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Abstract Art: Scales and Heart

The heart looked nice, if maybe a bit too like a bird comb at places.

Something more traditional. I like the scales. Looks more like when I draw on paper, and there’s something kind of quaint and familiar to those ugly scribbles. Often I get the feeling there are more than two things being weighed, so you’d need something like that contraption to really get things under control, right? (Otherwise you’d have to to weigh each pair.)

But is it abstract? The scales and heart both aren’t that abstract, but it’s also not a fully cohesive image. I’m sure art scientists would say it’s not abstract enough to be called abstract, but it feels unconnected enough to me.

Abstract Art: Abstract Art Gallery

Abstract art showings always draw the strangest shapes.

The shapes represent people at the art show, looking at facsimiles of themselves. (Their more colorful clones are looking at static. It’s very artistic, the static. Also because I didn’t want to clone the image down smaller and smaller.)

But it’s also an honest piece. What do we see when we visit a gallery if not ourselves? Not exactly, of course (unless someone’s put up a mirror, naturally), different versions of us from different places and times and who were able to make better art between wars or drinking too much, back when there were wars and drinking. Oh, right. So maybe a little too much like us after all.

I also like the jumble making it feel all crowded and everyone’s bending over each other to see. Because art-viewing should be like that, right? Everyone’s trying to get a peek, a vantage. Or wants to bounce around the frame to see it from different angles.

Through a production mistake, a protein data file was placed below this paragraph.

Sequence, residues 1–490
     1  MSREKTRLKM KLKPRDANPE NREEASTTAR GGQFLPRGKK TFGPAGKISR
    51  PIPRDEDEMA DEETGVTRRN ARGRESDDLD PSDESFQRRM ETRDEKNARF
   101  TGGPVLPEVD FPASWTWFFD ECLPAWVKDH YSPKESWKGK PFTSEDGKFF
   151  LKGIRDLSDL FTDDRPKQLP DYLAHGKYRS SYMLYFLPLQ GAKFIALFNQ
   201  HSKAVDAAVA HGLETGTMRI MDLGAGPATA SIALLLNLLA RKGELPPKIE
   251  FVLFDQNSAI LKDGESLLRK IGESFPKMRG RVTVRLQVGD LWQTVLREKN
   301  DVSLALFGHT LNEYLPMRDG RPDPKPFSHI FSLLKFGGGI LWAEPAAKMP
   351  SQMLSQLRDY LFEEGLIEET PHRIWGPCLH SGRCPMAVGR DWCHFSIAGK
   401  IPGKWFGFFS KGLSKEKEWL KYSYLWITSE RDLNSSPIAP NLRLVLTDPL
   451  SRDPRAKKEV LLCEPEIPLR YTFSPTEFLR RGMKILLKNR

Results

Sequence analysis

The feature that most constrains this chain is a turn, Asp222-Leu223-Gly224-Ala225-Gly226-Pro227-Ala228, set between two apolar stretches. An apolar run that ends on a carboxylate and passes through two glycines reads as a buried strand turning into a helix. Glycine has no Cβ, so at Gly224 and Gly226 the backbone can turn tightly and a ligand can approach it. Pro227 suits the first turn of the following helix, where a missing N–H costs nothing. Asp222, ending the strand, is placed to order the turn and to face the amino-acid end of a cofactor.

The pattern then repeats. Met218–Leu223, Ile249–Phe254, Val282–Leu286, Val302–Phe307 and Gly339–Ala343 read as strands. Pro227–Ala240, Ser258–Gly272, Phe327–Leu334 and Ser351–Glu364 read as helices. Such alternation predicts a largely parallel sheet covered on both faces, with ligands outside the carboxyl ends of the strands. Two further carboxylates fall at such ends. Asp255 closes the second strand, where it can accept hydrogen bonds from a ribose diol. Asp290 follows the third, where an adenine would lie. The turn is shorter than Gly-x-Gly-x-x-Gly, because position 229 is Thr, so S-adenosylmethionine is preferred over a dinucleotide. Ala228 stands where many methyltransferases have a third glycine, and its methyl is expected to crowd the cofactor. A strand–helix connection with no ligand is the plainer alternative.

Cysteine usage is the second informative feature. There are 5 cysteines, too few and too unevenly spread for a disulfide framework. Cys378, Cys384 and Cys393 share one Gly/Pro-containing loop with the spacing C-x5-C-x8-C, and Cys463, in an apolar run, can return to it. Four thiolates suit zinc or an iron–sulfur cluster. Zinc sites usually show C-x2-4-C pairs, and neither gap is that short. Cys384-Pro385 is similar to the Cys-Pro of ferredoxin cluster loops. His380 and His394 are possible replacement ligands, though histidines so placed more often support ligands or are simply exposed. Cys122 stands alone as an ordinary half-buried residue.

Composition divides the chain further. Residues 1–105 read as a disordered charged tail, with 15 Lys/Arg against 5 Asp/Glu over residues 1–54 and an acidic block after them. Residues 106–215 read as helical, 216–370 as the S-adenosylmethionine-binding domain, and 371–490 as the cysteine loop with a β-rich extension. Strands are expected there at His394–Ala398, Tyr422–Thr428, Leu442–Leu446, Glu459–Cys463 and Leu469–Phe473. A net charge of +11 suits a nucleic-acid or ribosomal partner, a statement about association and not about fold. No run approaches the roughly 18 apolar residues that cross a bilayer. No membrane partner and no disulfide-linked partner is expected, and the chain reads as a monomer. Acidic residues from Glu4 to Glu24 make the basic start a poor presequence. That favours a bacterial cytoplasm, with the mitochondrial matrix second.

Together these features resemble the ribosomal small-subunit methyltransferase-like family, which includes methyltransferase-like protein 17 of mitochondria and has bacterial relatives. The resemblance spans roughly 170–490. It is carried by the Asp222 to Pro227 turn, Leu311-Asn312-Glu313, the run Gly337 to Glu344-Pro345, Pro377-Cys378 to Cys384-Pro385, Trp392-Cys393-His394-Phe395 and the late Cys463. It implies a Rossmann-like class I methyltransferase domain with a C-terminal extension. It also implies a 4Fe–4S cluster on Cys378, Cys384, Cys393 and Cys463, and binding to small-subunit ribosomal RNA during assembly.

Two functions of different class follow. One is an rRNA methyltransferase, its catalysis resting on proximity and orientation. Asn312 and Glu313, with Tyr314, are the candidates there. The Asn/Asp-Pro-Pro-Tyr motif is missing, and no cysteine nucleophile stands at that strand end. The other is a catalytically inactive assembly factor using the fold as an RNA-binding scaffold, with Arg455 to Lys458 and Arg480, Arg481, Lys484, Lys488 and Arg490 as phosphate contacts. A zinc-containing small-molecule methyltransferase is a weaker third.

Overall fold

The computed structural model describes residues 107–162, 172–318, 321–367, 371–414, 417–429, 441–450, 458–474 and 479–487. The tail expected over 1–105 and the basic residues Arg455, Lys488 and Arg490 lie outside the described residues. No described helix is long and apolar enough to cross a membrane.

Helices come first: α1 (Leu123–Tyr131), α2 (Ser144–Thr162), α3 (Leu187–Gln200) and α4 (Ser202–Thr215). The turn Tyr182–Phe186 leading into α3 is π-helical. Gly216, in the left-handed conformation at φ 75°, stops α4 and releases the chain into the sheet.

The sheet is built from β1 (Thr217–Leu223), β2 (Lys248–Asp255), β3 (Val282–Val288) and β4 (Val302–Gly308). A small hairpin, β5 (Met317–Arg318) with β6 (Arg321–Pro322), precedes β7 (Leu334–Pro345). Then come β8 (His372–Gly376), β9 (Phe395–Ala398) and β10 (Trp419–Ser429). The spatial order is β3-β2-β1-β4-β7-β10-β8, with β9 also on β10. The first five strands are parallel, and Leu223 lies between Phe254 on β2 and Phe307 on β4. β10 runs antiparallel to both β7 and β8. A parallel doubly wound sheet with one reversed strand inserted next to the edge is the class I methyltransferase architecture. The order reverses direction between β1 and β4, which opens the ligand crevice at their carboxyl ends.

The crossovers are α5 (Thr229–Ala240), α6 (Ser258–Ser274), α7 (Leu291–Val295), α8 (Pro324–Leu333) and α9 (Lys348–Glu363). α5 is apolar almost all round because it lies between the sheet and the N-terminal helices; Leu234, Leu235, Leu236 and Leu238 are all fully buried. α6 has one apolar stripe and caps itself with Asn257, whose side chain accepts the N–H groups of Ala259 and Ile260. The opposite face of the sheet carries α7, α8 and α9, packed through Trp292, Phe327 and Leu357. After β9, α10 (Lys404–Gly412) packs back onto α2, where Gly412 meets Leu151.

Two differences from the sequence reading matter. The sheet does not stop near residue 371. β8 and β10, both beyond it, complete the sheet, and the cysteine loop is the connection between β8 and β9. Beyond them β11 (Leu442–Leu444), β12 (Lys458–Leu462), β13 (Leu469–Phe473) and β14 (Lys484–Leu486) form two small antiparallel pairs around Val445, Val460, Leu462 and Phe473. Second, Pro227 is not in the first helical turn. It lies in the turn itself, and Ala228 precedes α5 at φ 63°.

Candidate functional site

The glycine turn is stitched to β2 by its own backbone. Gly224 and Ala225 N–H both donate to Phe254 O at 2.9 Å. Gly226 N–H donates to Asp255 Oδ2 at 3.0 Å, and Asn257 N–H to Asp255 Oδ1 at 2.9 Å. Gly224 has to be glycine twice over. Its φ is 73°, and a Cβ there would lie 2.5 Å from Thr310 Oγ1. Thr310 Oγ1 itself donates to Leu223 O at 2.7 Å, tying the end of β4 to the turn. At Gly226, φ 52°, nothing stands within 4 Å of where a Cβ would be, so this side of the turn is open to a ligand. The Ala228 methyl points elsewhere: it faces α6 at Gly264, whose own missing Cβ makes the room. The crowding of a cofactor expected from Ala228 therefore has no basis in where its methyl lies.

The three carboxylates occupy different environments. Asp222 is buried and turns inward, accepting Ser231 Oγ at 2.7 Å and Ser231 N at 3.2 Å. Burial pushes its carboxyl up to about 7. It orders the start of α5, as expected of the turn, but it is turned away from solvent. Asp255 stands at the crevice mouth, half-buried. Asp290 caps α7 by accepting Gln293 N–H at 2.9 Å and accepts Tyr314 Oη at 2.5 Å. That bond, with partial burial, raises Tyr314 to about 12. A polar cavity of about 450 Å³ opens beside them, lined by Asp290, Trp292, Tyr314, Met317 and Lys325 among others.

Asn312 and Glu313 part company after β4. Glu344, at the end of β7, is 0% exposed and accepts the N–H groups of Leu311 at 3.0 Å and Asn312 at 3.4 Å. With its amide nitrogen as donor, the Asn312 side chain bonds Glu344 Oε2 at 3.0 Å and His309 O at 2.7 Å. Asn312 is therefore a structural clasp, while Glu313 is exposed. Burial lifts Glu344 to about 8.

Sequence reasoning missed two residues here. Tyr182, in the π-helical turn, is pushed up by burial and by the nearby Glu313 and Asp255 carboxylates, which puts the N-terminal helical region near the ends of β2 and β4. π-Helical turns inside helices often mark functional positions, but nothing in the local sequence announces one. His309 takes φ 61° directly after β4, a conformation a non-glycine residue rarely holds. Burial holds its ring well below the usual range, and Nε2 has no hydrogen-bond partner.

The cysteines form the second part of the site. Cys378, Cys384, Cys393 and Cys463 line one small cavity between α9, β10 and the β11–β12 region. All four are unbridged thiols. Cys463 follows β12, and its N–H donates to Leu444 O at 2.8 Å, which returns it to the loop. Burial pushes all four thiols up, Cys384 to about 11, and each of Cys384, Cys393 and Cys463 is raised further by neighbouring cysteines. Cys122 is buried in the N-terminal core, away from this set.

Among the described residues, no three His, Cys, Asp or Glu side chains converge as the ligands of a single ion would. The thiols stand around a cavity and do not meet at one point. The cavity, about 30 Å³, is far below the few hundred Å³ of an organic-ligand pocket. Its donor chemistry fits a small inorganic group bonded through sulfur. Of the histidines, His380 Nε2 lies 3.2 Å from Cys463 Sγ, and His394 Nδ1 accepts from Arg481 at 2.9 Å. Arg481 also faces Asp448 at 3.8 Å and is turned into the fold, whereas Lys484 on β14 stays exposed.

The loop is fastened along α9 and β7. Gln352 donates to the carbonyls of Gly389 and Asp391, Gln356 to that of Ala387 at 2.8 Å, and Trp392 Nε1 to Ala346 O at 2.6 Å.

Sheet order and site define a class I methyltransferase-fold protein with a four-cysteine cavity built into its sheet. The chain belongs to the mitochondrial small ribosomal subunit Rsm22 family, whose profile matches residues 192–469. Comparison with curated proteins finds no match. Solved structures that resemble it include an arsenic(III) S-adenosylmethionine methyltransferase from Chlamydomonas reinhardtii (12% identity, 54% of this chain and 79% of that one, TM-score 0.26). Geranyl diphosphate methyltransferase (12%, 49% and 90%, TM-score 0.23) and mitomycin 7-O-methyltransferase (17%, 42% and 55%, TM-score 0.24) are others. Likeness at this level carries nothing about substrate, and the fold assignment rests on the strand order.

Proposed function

And they say true artists should never explain their work.

Art: Abstract Sea Turtle

I like beach scenes for whatever reason.

Perhaps I should be writing something about the state of politics? I used to do that a lot, but it started to feel too much like writing about the composition of animal dung, and I kept going even then for a time, until my nose and stomach rebelled, so I’ve mostly set it aside for now in favor of art.

And I like the art stuff a lot more, even if none of it’s that hot. At least I can see a result. Which is to say, at least there’s reinforcement to it. It’s something where I can take a glance at the pieces and know it was something done and real and meet with it on whatever level I’m feeling at the moment.

I’ve had this notion, and it’s probably been seen before, that artists and creators have envies of other media for what’s simple about the other that’s hard about their own. A poet or musician wants to tell a bigger tale, so they have to do a whole book or a whole album, where the novelist would have to do a short story. Or the film director says, “TV can spend so much time on character!” Or the TV producer says, “Film gets to put all that budget into just a few scenes, we have to spread it out over eight episodes.”

And I’m sure it’s not exclusive to creative work, either. Building a car versus a house? I’m sure the engineers and architects, anyone putting stuff together, has some level of wonder at the other’s work and in how they itch to distribute their own labor in a different way.

So why not do it? You might not be able to in your usual craft, but draw a picture. That’s part of why I’m doing the art now. So I can see a result in a way that my longer writing doesn’t let me. Another part is hoping to weather the current media+political world long enough for a better one to come along. One worth spending more time to write about.